The Libya war: in pictures

The government is expected to announce that the war has cost £250m. Here are images of the conflict

Above, David Cameron arrives at a press conference on 21 June. He insisted that Britain would continue its Libya operations for "as long as is necessary". Today, the government is expected to announce that the mission has cost £250m.


People gather next to buildings damaged by Nato airstrikes in Tripoli. Nato admitted causing civilian deaths, and blamed this on a "weapons system failure". At least nine people were killed, including two children.


Here, French helicopters land off the coast of Libya following airstrikes. Today's announcement contradicts George Osborne's claim that the war would cost tens, not hundreds, of millions.


A French aircraft carrier off the Libyan coast is pictured from a helicopter. In news reminiscent of the Iraq War, the Financial Times revealed that only 12 UK officials are working on plans for Gaddafi's departure and reconstruction.


Above, Libyans loyal to Gaddafi dance at Tripoli's Mitiga International airport to celebrate 41 years after the United States left Libya on 11 June 1970.


A child poses with a rifle at the same event. These pictures were taken on a guided government tour.


Here, rebel fighters flash the victory sign as they drive towards the frontline from their stronghold of Benghazi.


During Friday noon prayers in Revolution Square, Benghazi, Libyans pray over six bodies recovered from a mass grave. These were allegedly the bodies of people killed by Gaddafi's regime some 20 years ago.


Above, Libyan rebels fire a machine gun at positions held by forces loyal to Gaddafi during fighting in the western mountain region of Qalaa. The opposition has warned that it will run out of funds in less than a week without aid.


This picture shows another building destroyed by Nato warplanes, this t.ime in the Bab Al-Aziziya district of Tripoli where Gaddafi has his base

Samira Shackle is a freelance journalist, who tweets @samirashackle. She was formerly a staff writer for the New Statesman.

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For the first time in my life I have a sworn enemy – and I don’t even know her name

The cyclist, though, was enraged. “THAT’S CLEVER, ISN’T IT?” she yelled. “WALKING IN THE ROAD!”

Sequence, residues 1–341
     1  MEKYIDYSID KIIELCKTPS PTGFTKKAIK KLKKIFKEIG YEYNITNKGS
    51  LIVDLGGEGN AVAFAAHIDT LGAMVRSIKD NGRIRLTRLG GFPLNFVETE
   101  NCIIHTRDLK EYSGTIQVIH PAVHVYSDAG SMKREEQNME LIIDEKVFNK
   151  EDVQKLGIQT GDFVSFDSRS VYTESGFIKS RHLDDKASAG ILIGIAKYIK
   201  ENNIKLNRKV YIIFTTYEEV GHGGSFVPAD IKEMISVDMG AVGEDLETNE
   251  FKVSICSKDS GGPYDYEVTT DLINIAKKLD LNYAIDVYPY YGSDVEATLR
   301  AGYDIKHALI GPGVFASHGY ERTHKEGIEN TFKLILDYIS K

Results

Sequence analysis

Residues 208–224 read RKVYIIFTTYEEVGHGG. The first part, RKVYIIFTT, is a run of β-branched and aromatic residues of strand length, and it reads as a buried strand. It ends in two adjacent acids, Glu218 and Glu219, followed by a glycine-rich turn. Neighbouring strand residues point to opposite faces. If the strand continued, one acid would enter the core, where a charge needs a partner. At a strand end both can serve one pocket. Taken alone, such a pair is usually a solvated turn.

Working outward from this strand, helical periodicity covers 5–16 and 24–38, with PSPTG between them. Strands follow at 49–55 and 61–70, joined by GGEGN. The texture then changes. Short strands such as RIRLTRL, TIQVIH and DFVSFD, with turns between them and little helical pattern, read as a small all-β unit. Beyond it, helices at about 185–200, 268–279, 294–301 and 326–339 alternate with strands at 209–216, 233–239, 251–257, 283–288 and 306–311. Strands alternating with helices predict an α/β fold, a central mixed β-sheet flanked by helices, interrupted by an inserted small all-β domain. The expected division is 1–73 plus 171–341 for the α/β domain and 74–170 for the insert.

Last month, I made an enemy. I do not say this lightly, and I certainly don’t say it with pride, as a more aggressive male might. Throughout my life I have avoided confrontation with a scrupulousness that an unkind observer would call out-and-out cowardice. A waiter could bring the wrong order, cold and crawling with maggots, and in response to “How is everything?” I’d still manage a grin and a “lovely, thanks”.

On the Underground, I’m so wary of being a bad citizen that I often give up my seat to people who aren’t pregnant, aren’t significantly older than me, and in some cases are far better equipped to stand than I am. If there’s one thing I am not, it’s any sort of provocateur. And yet now this: a feud.

And I don’t even know my enemy’s name.

She was on a bike when I accidentally entered her life. I was pushing a buggy and I wandered – rashly, in her view – into her path. There’s little doubt that I was to blame: walking on the road while in charge of a minor is not something encouraged by the Highway Code. In my defence, it was a quiet, suburban street; the cyclist was the only vehicle of any kind; and I was half a street’s length away from physically colliding with her. It was the misjudgment of a sleep-deprived parent rather than an act of malice.

The cyclist, though, was enraged. “THAT’S CLEVER, ISN’T IT?” she yelled. “WALKING IN THE ROAD!”

I was stung by what someone on The Apprentice might refer to as her negative feedback, and walked on with a redoubled sense of the parental inadequacy that is my default state even at the best of times.

A sad little incident, but a one-off, you would think. Only a week later, though, I was walking in a different part of town, this time without the toddler and engrossed in my phone. Again, I accept my culpability in crossing the road without paying due attention; again, I have to point out that it was only a “close shave” in the sense that meteorites are sometimes reported to have “narrowly missed crashing into the Earth” by 50,000 miles. It might have merited, at worst, a reproving ting of the bell. Instead came a familiar voice. “IT’S YOU AGAIN!” she yelled, wrathfully.

This time the shock brought a retort out of me, probably the harshest thing I have ever shouted at a stranger: “WHY ARE YOU SO UNPLEASANT?”

None of this is X-rated stuff, but it adds up to what I can only call a vendetta – something I never expected to pick up on the way to Waitrose. So I am writing this, as much as anything, in the spirit of rapprochement. I really believe that our third meeting, whenever it comes, can be a much happier affair. People can change. Who knows: maybe I’ll even be walking on the pavement

Mark Watson is a stand-up comedian and novelist. His most recent book, Crap at the Environment, follows his own efforts to halve his carbon footprint over one year.

This article first appeared in the 20 October 2016 issue of the New Statesman, Brothers in blood